In the 1987 film Wall Street, Hal Holbrook’s moral character Lou Manheim takes on Charlie Sheen’s flamboyant young Bud Fox.
Stick to the basics,” he tells Gordon Gecko’s disciple.
“That’s how IBM and Hilton were built. Good things sometimes take time.”
There will be more than a few investors leaning on this type of knowledge after the week of tech stocks.
They have crashed. Apple, Google, Microsoft, Tesla and Amazon have all lost between €120bn and €200bn in market value.
Others, like Zoom (down two-thirds) and Netflix (down three-quarters), are even worse.
What the hell is going on? Are we all suddenly re-evaluating what we think these tech companies are worth? Or is there some other reason these valuations are declining?
In Ireland, there is a growing number of people who do not even trade stocks that will be affected – pension contributors and multinational workers.
If part of your compensation is tied to an option sharing in one of the tech giants, you may have to withhold that Atari conversion.
Similarly, you may want to check what part of your pension goes to ‘high-growth’ stocks.
But those with more direct investments in broader tech portfolios have another, more fundamental question: Is Apple – down 15pc in the last month alone – a bad bet now?
For day-traders, the answer may be that it is. But using the logic of Hal Holbrook, the analysis has to be done a little differently.
What’s happening appears to be a revaluation of those high-growth stocks based on slightly more attractive options for conservative investors.
In simple English, bonds become more attractive as interest rates rise.
This means large investors were more than happy to risk a little less institutional money in such stocks because of the much lower returns from things like bonds.
So it’s not like the market thinks the iPhone is somehow overrated. It’s that the safe-as-homes option is going to look a little nicer, given that demand for Apple shares has eased a bit.
This is certainly not the case for all tech-adjacent properties. Crypto – and NFTs in particular – is crashing at the kind of rate that wipes out people.
Luna, a so called ‘stablecoin’, was trading at $85 10 days ago. Until the latter stages of last week, it stood at 3 cents.
Bitcoin, the most held crypto asset by Irish casual investors via apps like Revolut, is down 19 pc for the week, 24 pc for the month and 51 pc in the past six months.
Ethereum, the other major crypto asset held by the Irish dabbler, is even worse – 27 pc for the week and 53 pc in the past six months.
Both are down over 40 pc for the year, making it the first time crypto has fallen over a medium-term investment period.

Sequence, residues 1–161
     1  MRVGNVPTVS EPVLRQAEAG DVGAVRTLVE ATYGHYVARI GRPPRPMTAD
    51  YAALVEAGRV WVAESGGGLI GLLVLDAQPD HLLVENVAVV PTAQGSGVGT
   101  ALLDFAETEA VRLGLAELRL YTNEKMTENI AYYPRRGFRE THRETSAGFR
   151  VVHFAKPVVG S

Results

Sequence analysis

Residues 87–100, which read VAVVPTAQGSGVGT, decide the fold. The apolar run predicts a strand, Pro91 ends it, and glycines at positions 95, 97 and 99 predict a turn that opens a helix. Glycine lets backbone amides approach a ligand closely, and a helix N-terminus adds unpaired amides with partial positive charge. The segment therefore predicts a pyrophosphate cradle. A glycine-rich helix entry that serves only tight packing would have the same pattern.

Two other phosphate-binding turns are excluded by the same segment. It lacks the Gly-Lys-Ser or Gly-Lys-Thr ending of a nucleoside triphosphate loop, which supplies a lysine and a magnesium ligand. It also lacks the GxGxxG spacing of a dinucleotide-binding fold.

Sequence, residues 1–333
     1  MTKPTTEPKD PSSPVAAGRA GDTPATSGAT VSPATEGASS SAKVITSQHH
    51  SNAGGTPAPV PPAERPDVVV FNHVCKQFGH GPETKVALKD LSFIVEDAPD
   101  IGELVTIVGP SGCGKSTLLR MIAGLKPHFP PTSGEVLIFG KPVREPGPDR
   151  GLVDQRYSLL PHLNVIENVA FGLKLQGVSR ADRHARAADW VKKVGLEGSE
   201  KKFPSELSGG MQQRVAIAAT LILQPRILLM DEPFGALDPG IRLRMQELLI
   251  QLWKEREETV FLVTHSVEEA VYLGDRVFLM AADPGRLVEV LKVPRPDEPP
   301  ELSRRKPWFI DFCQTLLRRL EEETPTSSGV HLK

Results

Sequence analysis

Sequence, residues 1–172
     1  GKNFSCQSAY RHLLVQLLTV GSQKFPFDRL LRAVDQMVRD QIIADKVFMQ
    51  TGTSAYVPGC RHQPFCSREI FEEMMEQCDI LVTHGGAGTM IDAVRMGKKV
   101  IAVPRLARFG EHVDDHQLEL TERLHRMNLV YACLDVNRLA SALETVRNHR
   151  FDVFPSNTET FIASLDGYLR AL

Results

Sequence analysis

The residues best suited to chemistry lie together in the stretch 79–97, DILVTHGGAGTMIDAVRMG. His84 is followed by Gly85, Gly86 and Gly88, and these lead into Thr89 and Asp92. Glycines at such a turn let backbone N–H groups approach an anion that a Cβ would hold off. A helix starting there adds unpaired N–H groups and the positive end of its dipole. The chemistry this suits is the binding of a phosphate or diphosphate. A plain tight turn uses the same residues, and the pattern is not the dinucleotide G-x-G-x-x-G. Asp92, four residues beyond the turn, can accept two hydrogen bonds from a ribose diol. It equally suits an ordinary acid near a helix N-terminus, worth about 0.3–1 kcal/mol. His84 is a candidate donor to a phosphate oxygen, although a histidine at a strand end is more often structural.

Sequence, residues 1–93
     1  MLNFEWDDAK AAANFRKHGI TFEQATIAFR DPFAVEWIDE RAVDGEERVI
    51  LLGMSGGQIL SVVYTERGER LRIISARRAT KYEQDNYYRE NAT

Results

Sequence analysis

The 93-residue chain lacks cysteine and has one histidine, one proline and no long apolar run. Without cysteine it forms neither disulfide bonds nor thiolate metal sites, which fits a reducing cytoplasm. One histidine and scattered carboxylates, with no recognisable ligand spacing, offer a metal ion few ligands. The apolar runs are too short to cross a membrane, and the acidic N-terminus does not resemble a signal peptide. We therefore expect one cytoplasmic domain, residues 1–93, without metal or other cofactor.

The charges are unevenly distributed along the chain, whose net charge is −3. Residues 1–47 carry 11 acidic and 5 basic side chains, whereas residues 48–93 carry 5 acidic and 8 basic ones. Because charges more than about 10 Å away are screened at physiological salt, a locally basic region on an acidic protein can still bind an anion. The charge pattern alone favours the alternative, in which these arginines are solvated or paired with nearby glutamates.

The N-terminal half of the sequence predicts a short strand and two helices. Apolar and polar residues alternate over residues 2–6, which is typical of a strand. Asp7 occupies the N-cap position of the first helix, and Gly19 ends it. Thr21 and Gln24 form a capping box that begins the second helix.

In typical crypto-world fashion, responses to it have jumped wildly from ‘this is the opportunity of a lifetime’ to ‘I was duped and will never touch this garbage again’.
I don’t have a strong view as to whether crypto, in any form, represents any worthy asset-class investment.
But just as it is important to point out the overwhelming absence of regulatory oversight, transparency, safety nets and basic controls, it is also worth noting that there are a lot of medium-to-long-term institutional investments in crypto and crypto-adjacent. system
It is not a guarantee of any kind of viability. But it is a sign that the underlying technology is being taken seriously by entities other than hype-traders. It may also suggest that there are emerging baselines for crypto and blockchain that have gained institutional acceptance.
But in the short term, will the current dive in tech and crypto stock values continue?
Or is the market now priced at attractiveness relative to low-growth options – the kind of tech companies Hal Holbrook was referring to. wall Street“Fundamental” ones?
If so, some stocks seem comparatively cheap for long-term investors. Being three-quarters down from its peak is a harsh decision on Netflix fundamentals, unless you consider that the streaming market is now saturated or that competitors — notably Disney, but also Apple and Amazon — are strong. Gone – Now its lunch is ready to eat.
Likewise, there’s no sign that Google (down 12 percent over the past month and 25 percent over the past six months) is losing any major appeal or dominance in its strongest markets. or apple. Or Microsoft, or Amazon, or even Tesla.
So while it’s been a brutal period for those looking to own shares in these companies, it doesn’t look like any of them are really in any significant danger.
That doesn’t mean you should buy tech stocks. Or, if you hold them now, you should not sell them in the interest of drawing a line under your risk of equity bloodbath.
But it’s a fair bet that most of today’s tech firms will still be there with new products in a few years.